Published in 1894, The Jungle Book by Rudyard Kipling remains a popular children’s tale, even in the 21st century. Originally published as a series of stories which took place in forests of Central India, The Jungle Book, through its many adaptations across various mediums, has managed to bring the Indian forests to life in front of its viewers.
The tales of the Original Jungle Book are fables, which use anthropomorphic animals to convey moral, political and social lessons. The most popular amongst these jungle tales are the stories of Mowgli – the man-cub raised by a pack of wolves. The story of Mowgli is based in the forests of Central India, in a place called Seoni in Madhya Pradesh. The Seoni region is ten kilometers from Pench National Park — a tiger reserve also known as Mowgli’s forest.
A happy go lucky man-cub, Mowgli is also friends with Bagheera and Bhalu – a melanistic (black) leopard and an Indian sloth bear, respectively – who act as his guides in the journey.
Even though Bhalu in The Jungle Book is shown as a huge 600+ pound bear, sloth bears in India rarely exceed 300 pounds. Therefore, it can be assumed that Bhalu is a Himalayan brown bear who for some reason strayed way south of its range. Rudyard Kipling has said that in writing The Jungle Book, he has used ‘nearly everything he knew or heard or dreamed about the Indian jungle,’ so the stories are not based solely around Seoni or in Central India but rather the entire forests of India.
Most of the action in these stories take place around the river valleys of Central India. Kipling has used his love and experience of Indian forests to bring these forests alive in his stories, basing them across locations that are not only reminiscent of the Indian forest but also the Indian countryside. Throughout the story, Kipling also breathes life into various denizens of the forest apart from the main protagonists, with many of them serving as heroes, villains and side actors in the stories.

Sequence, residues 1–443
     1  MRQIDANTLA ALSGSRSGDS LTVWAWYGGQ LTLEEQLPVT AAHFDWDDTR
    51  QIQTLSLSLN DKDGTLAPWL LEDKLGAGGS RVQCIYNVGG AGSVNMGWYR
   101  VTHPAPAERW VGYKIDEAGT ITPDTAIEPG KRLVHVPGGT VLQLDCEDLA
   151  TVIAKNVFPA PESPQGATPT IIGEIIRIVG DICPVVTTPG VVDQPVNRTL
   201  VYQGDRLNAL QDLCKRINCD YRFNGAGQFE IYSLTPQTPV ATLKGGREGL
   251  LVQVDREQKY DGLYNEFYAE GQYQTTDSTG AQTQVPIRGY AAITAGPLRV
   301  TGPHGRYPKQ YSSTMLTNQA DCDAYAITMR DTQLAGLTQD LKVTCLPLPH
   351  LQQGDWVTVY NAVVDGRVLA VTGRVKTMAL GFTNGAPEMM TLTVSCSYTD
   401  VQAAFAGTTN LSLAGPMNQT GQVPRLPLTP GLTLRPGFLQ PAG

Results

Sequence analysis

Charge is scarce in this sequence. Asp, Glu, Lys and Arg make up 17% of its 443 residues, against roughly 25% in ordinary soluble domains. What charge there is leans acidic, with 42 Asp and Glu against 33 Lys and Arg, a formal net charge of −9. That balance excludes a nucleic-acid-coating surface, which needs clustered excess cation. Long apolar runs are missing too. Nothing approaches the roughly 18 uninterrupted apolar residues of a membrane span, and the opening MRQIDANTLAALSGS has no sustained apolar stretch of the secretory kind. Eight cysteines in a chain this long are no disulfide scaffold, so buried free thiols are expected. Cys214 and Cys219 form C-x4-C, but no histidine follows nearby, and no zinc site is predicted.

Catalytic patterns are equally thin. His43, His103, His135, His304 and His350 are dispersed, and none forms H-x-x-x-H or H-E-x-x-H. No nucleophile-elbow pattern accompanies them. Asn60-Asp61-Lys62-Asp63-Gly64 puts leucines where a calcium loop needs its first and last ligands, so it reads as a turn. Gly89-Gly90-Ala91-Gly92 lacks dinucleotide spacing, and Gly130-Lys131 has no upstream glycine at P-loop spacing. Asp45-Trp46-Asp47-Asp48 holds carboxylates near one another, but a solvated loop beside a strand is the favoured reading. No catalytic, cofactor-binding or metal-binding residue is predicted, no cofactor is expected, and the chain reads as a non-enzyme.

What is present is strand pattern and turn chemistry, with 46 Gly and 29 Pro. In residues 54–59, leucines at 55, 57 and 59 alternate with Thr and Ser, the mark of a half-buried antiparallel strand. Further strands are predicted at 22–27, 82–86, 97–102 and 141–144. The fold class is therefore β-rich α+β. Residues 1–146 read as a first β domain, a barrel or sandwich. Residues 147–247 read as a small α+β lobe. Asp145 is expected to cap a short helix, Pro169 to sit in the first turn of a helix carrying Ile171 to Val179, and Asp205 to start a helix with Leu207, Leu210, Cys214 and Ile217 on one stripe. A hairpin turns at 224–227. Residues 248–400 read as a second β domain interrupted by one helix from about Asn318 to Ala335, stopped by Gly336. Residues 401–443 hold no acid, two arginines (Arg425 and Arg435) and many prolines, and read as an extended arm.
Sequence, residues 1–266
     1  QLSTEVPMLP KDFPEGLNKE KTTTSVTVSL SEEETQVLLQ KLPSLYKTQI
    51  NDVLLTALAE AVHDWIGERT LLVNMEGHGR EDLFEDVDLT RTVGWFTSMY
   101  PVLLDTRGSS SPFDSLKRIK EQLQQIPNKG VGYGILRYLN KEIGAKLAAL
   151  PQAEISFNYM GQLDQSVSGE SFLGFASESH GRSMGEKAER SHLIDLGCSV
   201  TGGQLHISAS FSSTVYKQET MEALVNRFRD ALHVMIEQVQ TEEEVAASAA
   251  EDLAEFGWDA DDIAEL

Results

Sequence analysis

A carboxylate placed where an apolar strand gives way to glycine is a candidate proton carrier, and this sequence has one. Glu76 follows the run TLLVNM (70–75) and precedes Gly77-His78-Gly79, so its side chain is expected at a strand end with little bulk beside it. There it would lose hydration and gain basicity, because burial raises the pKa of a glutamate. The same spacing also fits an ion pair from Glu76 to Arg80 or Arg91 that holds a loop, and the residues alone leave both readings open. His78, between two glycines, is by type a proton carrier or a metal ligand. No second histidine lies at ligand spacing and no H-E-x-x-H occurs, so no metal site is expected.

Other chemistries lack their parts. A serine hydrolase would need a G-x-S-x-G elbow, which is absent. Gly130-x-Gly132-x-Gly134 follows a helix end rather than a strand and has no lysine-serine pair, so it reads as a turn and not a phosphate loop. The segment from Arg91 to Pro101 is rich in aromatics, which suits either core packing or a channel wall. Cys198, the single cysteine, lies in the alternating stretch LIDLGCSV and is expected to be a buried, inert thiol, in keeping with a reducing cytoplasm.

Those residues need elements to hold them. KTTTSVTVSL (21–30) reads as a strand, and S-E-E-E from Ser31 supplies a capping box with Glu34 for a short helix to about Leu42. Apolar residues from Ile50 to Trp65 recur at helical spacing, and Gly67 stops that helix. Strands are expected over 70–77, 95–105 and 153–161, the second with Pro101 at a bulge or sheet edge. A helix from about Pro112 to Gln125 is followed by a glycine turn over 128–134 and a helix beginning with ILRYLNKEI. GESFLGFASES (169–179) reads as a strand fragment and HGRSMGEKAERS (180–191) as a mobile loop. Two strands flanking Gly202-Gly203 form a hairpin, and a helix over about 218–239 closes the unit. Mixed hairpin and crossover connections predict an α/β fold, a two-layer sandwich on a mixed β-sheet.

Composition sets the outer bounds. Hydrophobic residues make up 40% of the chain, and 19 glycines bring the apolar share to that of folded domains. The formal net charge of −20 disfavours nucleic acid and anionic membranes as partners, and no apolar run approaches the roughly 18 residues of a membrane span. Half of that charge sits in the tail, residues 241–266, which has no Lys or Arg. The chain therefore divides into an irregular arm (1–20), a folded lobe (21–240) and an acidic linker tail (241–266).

Elephants are used as the conscience keepers and guardians of the forests. Even SherKhan, the fierce Bengal tiger, is fearful of the righteous wrath of the Haathi. As Indians worship the elephant god Ganesha, such a characterization of elephants is obvious.
SherKhan and his cronies (jackals/hyenas and langurs) are the main villains of this story. Jackals have been known to form commensal relationships with tigers, rarely fearing the mighty ‘King of the Jungle.’ This behavior forms the basis of relations between SherKhan and Tabaqui depicted in the story. (Even though Tabaqui is at times described as a striped hyena, this behavior is that of a jackal.)
Since 1894, there have been numerous adaptations of the popular Mowgli story in print and television under the name The Jungle Book; however, people often forget that the Original Jungle Book contained numerous stories other than that of the famous Mowgli.
Perhaps the most popular adaptation of The Jungle Book in India was the Japanese anime, Jungle Book Shōnen Mowgli, which was produced in Tokyo. Walt Disney Pictures have recently released another live-action, CGI adaptation of The Jungle Book –was released in India on April 8, 2016.
Warner Bros. is developing another live-action version under the name Jungle Book: Origins. Hopefully, both of these adaptations will manage to bring the wonders of Indian forests on the big screen seamlessly.
Some of the action in The Jungle Book also takes place in an abandoned temple in the forest. Forests all over India invariably have some abandoned temples and ruins. The animals of the forest in The Jungle Book are often shown to be afraid of these temples, as they are places abandoned even by the selfish humans. However, in reality, animals, especially tigers and langurs, enjoy these ruins, spending loads of time here. Tigresses are known to use such ruins as cozy and safe denning places.
In this story of the man-cub lost in the wild, many of the threats facing the Indian forests in 19th-century British India are brought to light effectively. Unfortunately, for India’s wild – 120 years after the publication of The Jungle Book – many of these threats are even more relevant today.
As the greedy consumer-driven world continues devouring what’s left of nature’s bounty, stories like The Jungle Book, which have made generations fall in love with nature, are more important than ever before.